Republicans Are Falling All Over Themselves to Embrace Kyle Rittenhouse

Some GOP candidates aren't just defending Rittenhouse as a victim—they're celebrating him as a hero.
Cameron Joseph
Washington, US
Kyle Rittenhouse is accused of shooting three demonstrators, killing two of them, during protests in Kenosha after a police officer shot Jacob Blake seven times in the back while being arrested in August 2020.
Kyle Rittenhouse is accused of shooting three demonstrators, killing two of them, during protests in Kenosha in August 2020. (Photo by Mark Hertzberg-Pool / Getty Images)

Kyle Rittenhouse’s murder trial has made him the favorite of some right-wingers looking to get in good with the GOP base.

A number of Republican candidates, elected officials, and other influential conservatives have lionized Rittenhouse in recent days. And while some have stuck to arguments that he’s been unfairly maligned in the media and acted in self-defense when he shot three people in Kenosha in August 2020, others have gone much further, portraying him as a vigilante hero.

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The latest came Thursday when embattled Republican Florida Rep. Matt Gaetz offered Rittenhouse an internship.

“He deserves a not guilty verdict, and I sure hope he gets it, because you know what, Kyle Rittenhouse would probably make a pretty good congressional intern,” Gaetz said on Newsmax. “We may reach out to him and see if he'd be interested in helping the country in additional ways.

But it’s not just Gaetz trolling the libs: Republicans with a real shot at winning Senate seats next year have been trumpeting Rittenhouse’s actions in recent days.

Arizona Republican Senate candidate Blake Masters, who recently met with former President Donald Trump, has called Rittenhouse “the good guy” and pledged to “donate and raise as much as necessary to support his appeals” if Rittenhouse loses in court.

“While so many of our leaders were just cowering to the BLM mob, Kyle was just trying to help. He showed up at a riot and he was trying to help protect local businesses, he was trying to help give medical aid,” he said in a video last week. “Anyone who won’t stand up and defend Kyle right now is someone that won’t stand up and defend you.”

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Mark McCloskey, who became a right-wing hero when he threatened BLM protestors in St. Louis with an AR-15 last summer and is now running for the U.S. Senate in Missouri, went one step further. McCloskey showed up in Kenosha to offer Rittenhouse his support and posed for photos outside the courthouse with men flashing the OK sign, a symbol used by some white supremacists.

On August 25, 2020, Rittenhouse shot three people, killing two, in Kenosha, Wisconsin, during a protest over the police shooting of an unarmed Black man there a few days before. The teen said he’d decided to go to the town where his father lived after seeing footage of property damage, and joined other armed folks to protect a car dealership.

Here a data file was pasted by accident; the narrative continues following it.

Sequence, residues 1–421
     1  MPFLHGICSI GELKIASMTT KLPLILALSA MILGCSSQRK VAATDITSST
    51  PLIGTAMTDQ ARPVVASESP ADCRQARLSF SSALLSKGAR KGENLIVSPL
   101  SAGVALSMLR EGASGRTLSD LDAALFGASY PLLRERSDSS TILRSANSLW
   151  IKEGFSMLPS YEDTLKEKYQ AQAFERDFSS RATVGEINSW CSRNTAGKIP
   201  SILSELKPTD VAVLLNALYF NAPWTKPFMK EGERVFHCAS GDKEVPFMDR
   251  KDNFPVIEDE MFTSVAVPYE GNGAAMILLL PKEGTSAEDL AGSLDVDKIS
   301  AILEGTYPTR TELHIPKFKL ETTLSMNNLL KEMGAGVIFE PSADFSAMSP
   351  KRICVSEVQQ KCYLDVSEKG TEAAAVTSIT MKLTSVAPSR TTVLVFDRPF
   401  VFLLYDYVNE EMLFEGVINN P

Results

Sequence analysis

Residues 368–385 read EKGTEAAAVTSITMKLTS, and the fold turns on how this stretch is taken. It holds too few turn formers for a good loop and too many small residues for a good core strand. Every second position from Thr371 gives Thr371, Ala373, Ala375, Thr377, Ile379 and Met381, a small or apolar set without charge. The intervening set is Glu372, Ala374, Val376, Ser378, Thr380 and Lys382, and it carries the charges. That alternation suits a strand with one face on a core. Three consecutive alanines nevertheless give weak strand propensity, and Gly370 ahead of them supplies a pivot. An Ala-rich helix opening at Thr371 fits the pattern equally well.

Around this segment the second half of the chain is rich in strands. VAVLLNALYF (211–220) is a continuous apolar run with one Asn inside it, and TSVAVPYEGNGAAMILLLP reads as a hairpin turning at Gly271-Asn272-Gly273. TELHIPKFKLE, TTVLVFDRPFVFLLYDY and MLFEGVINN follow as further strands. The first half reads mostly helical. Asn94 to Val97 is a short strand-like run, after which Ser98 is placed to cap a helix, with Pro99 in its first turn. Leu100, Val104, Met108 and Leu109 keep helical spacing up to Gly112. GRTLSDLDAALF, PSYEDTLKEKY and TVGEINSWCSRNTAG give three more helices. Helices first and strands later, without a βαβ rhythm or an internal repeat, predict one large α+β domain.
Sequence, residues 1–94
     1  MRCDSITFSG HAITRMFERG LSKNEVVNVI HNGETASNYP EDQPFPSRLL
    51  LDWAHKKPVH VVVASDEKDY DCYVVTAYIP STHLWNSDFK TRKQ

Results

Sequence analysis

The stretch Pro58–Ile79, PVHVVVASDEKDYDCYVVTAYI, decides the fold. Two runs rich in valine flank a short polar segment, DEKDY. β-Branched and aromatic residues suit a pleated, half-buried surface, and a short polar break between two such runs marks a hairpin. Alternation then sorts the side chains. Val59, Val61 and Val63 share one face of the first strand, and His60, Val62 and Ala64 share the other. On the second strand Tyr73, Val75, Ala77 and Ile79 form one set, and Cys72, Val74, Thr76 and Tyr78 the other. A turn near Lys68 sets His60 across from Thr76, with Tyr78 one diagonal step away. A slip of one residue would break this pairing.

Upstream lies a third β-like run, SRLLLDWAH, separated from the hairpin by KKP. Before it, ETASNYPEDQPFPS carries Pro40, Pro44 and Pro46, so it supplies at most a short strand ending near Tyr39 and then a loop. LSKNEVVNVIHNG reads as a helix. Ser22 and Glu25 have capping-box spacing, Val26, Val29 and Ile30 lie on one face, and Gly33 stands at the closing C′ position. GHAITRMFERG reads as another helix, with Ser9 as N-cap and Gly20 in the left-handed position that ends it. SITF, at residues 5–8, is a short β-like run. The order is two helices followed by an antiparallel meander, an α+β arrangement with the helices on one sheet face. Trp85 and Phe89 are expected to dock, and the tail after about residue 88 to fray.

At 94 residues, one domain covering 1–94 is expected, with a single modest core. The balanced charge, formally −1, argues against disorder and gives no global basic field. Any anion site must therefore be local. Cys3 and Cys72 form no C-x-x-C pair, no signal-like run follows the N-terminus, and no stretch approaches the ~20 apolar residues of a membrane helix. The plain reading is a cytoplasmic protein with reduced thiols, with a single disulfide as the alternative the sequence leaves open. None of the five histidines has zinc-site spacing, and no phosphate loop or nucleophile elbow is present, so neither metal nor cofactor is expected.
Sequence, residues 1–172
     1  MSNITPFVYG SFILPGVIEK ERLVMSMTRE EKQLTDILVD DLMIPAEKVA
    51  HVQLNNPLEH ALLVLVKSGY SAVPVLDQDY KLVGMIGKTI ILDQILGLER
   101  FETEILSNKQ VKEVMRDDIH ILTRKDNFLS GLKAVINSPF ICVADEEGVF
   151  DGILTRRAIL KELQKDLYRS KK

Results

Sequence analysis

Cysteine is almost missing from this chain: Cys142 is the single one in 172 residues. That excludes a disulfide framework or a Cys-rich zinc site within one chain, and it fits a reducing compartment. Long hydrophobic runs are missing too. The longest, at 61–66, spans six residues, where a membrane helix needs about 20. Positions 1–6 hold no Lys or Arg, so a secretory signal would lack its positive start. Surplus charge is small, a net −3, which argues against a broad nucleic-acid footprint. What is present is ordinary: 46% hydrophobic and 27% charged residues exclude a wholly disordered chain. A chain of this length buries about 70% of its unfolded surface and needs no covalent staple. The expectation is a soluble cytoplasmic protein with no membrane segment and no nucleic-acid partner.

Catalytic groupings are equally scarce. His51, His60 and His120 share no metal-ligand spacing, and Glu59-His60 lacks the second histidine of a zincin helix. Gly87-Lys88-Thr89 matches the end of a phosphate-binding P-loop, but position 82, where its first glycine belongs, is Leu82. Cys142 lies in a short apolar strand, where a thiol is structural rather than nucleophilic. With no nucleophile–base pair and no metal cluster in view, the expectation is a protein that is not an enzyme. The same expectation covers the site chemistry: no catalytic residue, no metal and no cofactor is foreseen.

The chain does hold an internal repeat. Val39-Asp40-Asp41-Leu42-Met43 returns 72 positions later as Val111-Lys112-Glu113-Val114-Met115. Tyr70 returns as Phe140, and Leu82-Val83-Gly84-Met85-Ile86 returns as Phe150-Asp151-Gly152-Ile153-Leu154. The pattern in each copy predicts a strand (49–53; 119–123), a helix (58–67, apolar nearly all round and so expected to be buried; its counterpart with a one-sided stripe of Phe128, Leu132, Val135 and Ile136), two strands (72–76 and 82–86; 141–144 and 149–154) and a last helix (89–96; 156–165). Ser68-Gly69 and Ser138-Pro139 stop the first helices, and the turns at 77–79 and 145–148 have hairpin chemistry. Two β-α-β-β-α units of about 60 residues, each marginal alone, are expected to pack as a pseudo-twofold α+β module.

Rittenhouse was by himself in a parking lot when he was chased by Joseph Rosenbaum. Rittenhouse shot Rosenbaum four times, killing him, after the man got close enough to him to grab the teenager's rifle. Rittenhouse fled the scene and was confronted by a group of protesters on the street. He was struck by several people while running before falling. 

Rittenhouse then shot at a man who was trying to kick him, but missed. Anthony Huber, 26, then ran up, hit Rittenhouse in the head with a skateboard, and tried to take his rifle. Rittenhouse shot Huber point-blank in the chest, killing him. Gaige Grosskreutz—who testified that he thought Rittenhouse was an active shooter—advanced on Rittenhouse with a pistol and was shot in the arm by the teenager. All of the people Rittenhouse shot were white.

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The defense argued that Rosenbaum was erratic and caused the altercation while the prosecution argued that Rittenhouse provoked it by pointing his gun at a group of people.

Many on the right view him as a well-meaning teenager who was forced to defend himself and has been unfairly charged by a “woke” prosecution and maligned by the media. And those further to the right are celebrating him as a vigilante hero who was willing to thwart a mob supposedly menacing society when the government stood down.

That includes some Fox News hosts.

“He did the right thing,” Greg Gutfeld said last week. “He did what the government should have done, which was to make sure these dirtbags—these violent, disgusting dirtbags—weren’t roaming the streets.”

Senior officials at the Claremont Institute, a right-wing think tank with close ties to ex-President Trump, have celebrated Rittenhouse’s actions.

“He was answering the call to defend persons and their property against left-wing street militias when civil authorities declined to do their duty,” Claremont Institute President Ryan Williams tweeted Tuesday night. “He’s a consummate citizen of America, defending the social compact in a de facto state of nature.”

“We need to make the Rittenhouse as hero movie,” Claremont Institute Vice President Matthew Peterson tweeted that same night.  

“He shouldn’t have been there? Brother, we all should have been there,” Peterson said a bit later, pushing back against the argument from some that while Rittenhouse might be innocent of the charges against him, he still shouldn’t have shown up armed in Kenosha.

Mack Lamoureux contributed reporting.